There will be blood

The NHS’s Filton blood centre is using a host of automation techniques to aid the efficiency of blood processing

If you had to draw up a list of organisations most likely to employ cutting-edge levels of automation, it’s unlikely that the NHS would feature anywhere near the top. But its new blood centre in Filton, Bristol, boasts levels of technology and automation more commonly associated with high-volume car production.

The largest of its kind in the world, the £60m centre, which began operating last summer, can supply up to 600,000 units of blood every year to 14 million patients throughout the Midlands and the South West. Bristling with technology for blood filtration and storage, one of the key requirements for the plant — which has been designed to operate 24 hours a day, seven days a week — is high availability and total reliability.

Before blood from donations can be delivered to the hospitals, however, it has to undergo several stages of processing. One of these involves leaving the bags of blood suspended from a bar for several hours under controlled conditions to aid filtration.

Once this stage of the process is complete, the bags are ready for sealing, which is carried out manually. To enable the work to be performed at a convenient height for operators, the bars from which the blood bags are suspended are raised by around 1.5m. These bars weigh around 15kg when fully loaded.

The blood centre tasked design engineers from Devon based mechanical-handling systems specialist Smart Manufacturing with devising a system to perform this lifting function.

The brief included reliable operation for long periods, with minimum maintenance, plus strict standards for hygiene. The team based its solution on the OSP-E BHD series of electric linear drives from Parker Origa.

’We decided to look at Parker Origa products for this application after receiving a strong recommendation from a satisfied user,’ said Kevin Bloomfield, Smart Manufacturing’s design engineer for the project. ’It didn’t take us long to see the benefits offered by the BHD range. In particular, the products in the range feature robust construction and they are clearly designed to offer a long working life without the need for regular maintenance. Also, they made it easy for us to meet the end user’s requirements for hygiene, as they are virtually free from dirt traps.’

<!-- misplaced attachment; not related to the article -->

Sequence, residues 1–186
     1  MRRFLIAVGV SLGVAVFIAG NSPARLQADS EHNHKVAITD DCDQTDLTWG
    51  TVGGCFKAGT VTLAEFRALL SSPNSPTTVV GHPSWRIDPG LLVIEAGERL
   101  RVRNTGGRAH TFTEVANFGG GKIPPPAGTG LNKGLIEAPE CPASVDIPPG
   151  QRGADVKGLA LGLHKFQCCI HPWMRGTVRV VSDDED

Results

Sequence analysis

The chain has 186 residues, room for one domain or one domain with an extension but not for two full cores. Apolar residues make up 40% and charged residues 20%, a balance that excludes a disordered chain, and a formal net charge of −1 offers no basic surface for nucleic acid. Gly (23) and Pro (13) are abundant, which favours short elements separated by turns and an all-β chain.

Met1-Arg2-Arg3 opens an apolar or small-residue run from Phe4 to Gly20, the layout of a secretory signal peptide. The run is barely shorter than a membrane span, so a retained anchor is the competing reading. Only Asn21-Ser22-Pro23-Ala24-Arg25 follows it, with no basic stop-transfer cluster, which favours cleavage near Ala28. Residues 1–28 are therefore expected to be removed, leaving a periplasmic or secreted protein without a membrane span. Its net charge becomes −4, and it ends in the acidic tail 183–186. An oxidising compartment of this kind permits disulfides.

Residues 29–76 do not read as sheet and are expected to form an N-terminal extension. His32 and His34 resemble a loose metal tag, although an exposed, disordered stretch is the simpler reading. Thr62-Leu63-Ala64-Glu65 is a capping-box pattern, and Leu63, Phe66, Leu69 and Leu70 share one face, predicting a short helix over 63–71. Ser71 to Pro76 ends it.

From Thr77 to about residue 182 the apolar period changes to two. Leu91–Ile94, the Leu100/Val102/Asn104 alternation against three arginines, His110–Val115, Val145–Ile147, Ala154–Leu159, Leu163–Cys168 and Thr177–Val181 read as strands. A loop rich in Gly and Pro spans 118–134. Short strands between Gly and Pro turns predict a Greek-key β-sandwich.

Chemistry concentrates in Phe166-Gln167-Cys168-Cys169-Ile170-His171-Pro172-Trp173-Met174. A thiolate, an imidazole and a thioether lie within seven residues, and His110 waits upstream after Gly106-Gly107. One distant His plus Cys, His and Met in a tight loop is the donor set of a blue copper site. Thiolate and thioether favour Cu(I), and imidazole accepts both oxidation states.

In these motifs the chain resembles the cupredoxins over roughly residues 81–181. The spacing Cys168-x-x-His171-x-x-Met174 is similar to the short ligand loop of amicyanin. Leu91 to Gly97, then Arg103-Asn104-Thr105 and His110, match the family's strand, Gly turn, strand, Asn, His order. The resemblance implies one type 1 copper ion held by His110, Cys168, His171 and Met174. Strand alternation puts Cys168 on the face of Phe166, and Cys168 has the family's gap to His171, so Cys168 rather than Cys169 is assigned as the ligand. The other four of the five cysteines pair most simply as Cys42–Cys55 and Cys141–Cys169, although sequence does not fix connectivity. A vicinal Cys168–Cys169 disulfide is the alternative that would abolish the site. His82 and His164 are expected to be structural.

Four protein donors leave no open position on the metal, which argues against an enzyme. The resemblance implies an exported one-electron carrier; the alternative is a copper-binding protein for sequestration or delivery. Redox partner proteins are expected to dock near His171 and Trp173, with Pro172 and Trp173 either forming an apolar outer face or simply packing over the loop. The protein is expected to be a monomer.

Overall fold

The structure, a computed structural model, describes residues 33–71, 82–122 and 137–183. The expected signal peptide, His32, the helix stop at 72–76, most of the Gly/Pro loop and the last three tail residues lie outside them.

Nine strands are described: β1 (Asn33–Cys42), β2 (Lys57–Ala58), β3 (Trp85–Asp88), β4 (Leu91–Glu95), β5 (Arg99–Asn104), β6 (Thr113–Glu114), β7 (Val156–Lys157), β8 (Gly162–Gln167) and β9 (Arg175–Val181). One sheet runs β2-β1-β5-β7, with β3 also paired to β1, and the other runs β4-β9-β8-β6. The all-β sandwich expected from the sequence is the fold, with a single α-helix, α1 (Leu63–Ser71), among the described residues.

BHD high-capacity linear actuation systems feature a toothed-belt drive and have integrated guides to optimise load-carrying capacity. The systems are available with either re-circulating ball-bearing guides or roller guides, with the former selected for this application.

Further benefits of the BHD systems are their compact design, which simplifies installation even where space is limited, and the availability of an extensive range of connection elements, accessories and mountings, which makes them exceptionally easy to integrate. Parker Origa optionally offers BHD linear-drive systems complete with motors and control systems but in this instance, Smart Manufacturing decided to use its own motor and controls so as to maintain uniformity with the rest of the installation. ’As we had anticipated, the BHD drive system proved very easy to install and set up,’ added Bloomfield.

’It operated exactly as we wanted right from the outset.’

The lift system for blood bags has now been in use for almost a year and it has proved to be completely reliable. ’There hasn’t been a single problem with it, which is exactly what is needed in this blood-processing application,’ Bloomfield said.

BHD electrically operated linear drives with integrated guides, as used at Filton blood centre, are one of many options in Parker Origa’s range of linear-motion solutions. Other options include rodless pneumatic drives that are suited to reciprocating applications, and electric screw drives that combine high force capability with accurate path and position control.

Other cutting-edge technologies deployed at the blood centre include a series of fully automated PK7300 blood-grouping analysers developed by Olympus. Able to cope with the extremely high throughput of blood, these devices can send blood-grouping results via a direct interface to the blood centre’s computer system, so expediting subsequent blood-bag labelling. The PK7300 can also be used for additional blood phenotyping purposes.

Josie Jackson, regional testing manager at Filton, said: ’We test approximately 2,500 samples per day using our three PK7300 analysers; 75 per cent of these must be undertaken by 2pm to ensure that we can efficiently label and release processed blood bags for transfusion. This speed to blood-group results delivery is particularly crucial for blood products with a shorter shelf life, such as platelets.’

Design essentials

The key facts to take away from this article

» Filton blood centre can process 600,000 units of blood a year
» Three Olympus PK7300 analysers test 2,500 blood samples a day at Filton
» BHD high-capacity linear actuation systems raise bars holding blood bags to a height of 1.5m
» When fully loaded, these bars weigh 15kg

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